The event on June 10th featured activities, raffle baskets, a Live Auction and Raise the Paddle auction benefitting the Student Assistance Program at Liberty Public Schools. The Foundation provides vouchers for under/uninsured students at Liberty schools to receive medical care. $87,000 was raised for the Foundation. Photos Larry F. Levenson.
Home grown. The theme for this month’s issue is also the theme for the magazine in general–it is the people and businesses that make the fabric of the Northland. But this month we hone in on a few that are even more close to home–artists that paint heartbeats, artists that paint landmarks, retailers that sell hometown pride and more.
Kombucha, a Russian word that means “tea mushroom,” refers to a drink of fermented tea that dates back to the late 19th century. While sharing the same name, Russian fermented tea is entirely different from Japanese kombucha, a rich, salty black tea that uses kombu, or kelp. Kombu is also used to make dashi, a soup broth and cooking stock made from edible kelp. As owners of The Brewkery, Amy Goldman and Sean Galloway have transformed their Lucky Elixir brand of locally-made kombucha – a modern, mushroom-free version of the Russian fermented tea – into a thriving business.
The Children’s Center of Synergy Services, a Parkville-based non-profit shelter for women and children, has experienced growing pains for years.
“The Center typically serves 125 children annually, nearly 2,000 children since the program began in 2000,” says Dennis Meier, associate executive director at Synergy. “Unfortunately, the program turns away more than 300 each year due to limited capacity.”
ometimes a person’s life unfolds in a predictable manner–the cheerleader marries the star quarterback. But sometimes, life takes a more circuitous route. Codie Lea is a fan of finding the path not taken and making something memorable along the way. That’s how she came up with the idea for her art studio, Moxie Muse Designs and the paintings that give solace to those that need it.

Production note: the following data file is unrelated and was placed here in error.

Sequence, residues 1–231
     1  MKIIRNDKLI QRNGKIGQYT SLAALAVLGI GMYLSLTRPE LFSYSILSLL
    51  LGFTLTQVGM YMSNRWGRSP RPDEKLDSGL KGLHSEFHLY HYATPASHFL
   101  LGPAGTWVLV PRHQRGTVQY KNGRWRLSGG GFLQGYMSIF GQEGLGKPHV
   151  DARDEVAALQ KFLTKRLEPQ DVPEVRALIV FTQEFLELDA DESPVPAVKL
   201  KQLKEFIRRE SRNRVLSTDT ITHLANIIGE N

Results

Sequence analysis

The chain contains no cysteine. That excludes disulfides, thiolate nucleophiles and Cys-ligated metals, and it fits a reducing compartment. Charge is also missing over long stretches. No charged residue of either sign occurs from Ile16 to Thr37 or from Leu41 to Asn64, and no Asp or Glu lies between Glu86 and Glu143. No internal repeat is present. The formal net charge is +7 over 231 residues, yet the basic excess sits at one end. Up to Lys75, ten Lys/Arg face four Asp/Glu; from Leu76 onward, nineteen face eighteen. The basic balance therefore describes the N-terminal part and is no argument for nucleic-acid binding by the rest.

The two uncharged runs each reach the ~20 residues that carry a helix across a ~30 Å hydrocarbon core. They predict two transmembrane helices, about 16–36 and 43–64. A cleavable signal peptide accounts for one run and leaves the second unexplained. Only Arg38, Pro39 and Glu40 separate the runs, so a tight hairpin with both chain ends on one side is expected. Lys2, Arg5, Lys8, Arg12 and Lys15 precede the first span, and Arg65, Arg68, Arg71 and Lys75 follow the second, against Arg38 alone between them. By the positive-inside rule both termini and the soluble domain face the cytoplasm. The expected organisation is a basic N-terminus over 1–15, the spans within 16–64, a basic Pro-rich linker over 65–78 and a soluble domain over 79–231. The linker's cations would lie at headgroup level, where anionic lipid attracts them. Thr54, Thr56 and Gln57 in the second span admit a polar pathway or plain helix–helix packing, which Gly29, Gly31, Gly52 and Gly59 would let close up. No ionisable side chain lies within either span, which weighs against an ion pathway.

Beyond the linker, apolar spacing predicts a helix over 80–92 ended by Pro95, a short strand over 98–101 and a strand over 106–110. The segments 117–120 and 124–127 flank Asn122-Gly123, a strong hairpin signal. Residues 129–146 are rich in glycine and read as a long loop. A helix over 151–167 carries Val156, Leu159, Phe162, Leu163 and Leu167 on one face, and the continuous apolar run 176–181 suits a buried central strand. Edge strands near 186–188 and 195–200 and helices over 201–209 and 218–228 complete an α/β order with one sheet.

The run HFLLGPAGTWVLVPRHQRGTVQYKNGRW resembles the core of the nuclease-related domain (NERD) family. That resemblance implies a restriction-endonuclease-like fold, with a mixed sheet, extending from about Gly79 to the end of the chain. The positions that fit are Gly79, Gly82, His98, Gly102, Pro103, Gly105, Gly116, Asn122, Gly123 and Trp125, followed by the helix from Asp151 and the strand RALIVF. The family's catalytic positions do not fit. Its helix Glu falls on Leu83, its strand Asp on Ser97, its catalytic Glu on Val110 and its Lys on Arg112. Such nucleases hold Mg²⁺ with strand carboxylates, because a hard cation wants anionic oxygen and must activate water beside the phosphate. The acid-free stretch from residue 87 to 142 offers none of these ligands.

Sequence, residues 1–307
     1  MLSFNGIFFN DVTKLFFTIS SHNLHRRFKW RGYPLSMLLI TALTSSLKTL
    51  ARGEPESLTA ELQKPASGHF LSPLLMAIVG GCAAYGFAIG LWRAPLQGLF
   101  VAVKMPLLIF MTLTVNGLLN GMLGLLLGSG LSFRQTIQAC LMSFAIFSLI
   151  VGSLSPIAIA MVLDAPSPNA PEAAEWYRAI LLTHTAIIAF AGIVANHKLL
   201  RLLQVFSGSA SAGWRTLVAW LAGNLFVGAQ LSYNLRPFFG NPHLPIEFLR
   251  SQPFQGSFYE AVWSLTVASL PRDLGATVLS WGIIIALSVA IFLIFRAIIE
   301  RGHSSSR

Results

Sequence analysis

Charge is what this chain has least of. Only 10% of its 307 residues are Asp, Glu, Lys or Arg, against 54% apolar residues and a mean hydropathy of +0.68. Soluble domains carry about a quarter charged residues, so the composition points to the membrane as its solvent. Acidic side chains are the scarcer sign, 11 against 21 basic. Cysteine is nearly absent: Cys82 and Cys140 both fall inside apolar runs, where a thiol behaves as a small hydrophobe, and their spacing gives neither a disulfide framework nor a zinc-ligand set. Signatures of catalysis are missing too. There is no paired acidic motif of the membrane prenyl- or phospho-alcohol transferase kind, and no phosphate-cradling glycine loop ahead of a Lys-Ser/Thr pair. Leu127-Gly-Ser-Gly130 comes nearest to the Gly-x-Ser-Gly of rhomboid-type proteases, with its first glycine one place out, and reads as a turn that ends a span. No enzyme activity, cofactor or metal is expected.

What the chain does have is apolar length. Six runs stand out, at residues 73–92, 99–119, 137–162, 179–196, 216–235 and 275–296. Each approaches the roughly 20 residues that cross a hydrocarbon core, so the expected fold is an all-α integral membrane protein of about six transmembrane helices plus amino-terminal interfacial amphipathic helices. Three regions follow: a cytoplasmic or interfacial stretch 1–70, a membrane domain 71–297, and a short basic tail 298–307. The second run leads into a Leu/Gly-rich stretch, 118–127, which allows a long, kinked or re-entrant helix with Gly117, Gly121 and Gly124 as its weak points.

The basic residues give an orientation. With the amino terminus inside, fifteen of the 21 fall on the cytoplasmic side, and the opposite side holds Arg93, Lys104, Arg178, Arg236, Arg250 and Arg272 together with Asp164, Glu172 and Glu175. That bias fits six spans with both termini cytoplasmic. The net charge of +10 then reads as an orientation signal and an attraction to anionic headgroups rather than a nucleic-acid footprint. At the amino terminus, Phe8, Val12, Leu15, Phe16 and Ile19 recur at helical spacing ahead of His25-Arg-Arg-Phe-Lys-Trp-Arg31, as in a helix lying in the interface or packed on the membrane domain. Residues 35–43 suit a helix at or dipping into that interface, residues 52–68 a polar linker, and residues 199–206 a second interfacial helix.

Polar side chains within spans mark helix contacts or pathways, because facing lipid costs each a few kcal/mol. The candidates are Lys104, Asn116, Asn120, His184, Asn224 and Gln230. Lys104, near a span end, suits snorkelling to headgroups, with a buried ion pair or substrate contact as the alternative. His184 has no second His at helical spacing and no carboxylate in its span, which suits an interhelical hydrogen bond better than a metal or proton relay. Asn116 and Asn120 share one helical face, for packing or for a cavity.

Northlander Jimmie Bratcher gets the once-in-a-lifetime opportunity to open up for the legendary Willie Nelson on August 5 in Sturgis, South Dakota. Bratcher, most commonly known as “The Electric Rev” has performed before at The Legendary Buffalo Chip but never on the main stage and never before Willie Nelson. Bratcher’s lightning-strike performances crackle with high-voltage guitar playing and emotionally charged vocals. Bratcher makes the hairs rise on the arms of the crowds he entertains in the map of clubs, festivals, bike rallies, churches and prisons that he calls “the road.” For more information on his upcoming concerts, visit JimmieBratcher.com.
Member volunteers of the Assistance League of Kansas City kicked off their 30th Anniversary year at the June chapter meeting sporting their celebration pearls and T-shirts. The organization spearheads multiple programs that aid the needy in Kansas City. Celebrating 30 years together . . . making our community better. ALKC.org.
Fall’s ever-earlier darkening skies and the crunch of leaves underfoot may bring forth favorite ghost stories for most, but it was in the midst of the stifling summer heat that I found myself trapped in the most frightening of tales.
The Middle KC is located at 109 Main Street, Parkville, MO. Hours are: Mondays – Closed. Tuesday – Saturday 10 a.m.-6 p.m.. Sunday 10 a.m.-3 p.m.. Visit them online at TheMiddleKC.com/
Northland shoppers looking for a Crossroads or Westport selection of local artisan products now need go no further than Main Street in Historic Downtown Parkville. The Middle KC put an end to that.
Don’t judge a restaurant by its building. That’s what I learned after eating at the Northland’s newest Italian eatery, Roma, located on Barry Road. While the Pizza Hut shaped building may look the same, the kitchen is pumping out family recipes from Sicily, not stuffed crust grease bombs.
Artist Vanessa Lacy has two things that bring her the most joy: running outside and painting. This is reflected in some of the artwork she produces: her grandparents’ lake at sunset, a campfire at night, fountains at Loose Park, or the Crossroads district of Kansas City.